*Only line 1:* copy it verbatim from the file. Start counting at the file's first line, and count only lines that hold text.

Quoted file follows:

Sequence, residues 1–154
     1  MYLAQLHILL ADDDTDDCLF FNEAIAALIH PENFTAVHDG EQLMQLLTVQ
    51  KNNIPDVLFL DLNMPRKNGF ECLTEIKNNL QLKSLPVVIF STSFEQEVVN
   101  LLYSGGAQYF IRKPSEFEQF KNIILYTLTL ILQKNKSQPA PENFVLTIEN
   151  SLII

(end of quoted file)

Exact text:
Sequence, residues 1–154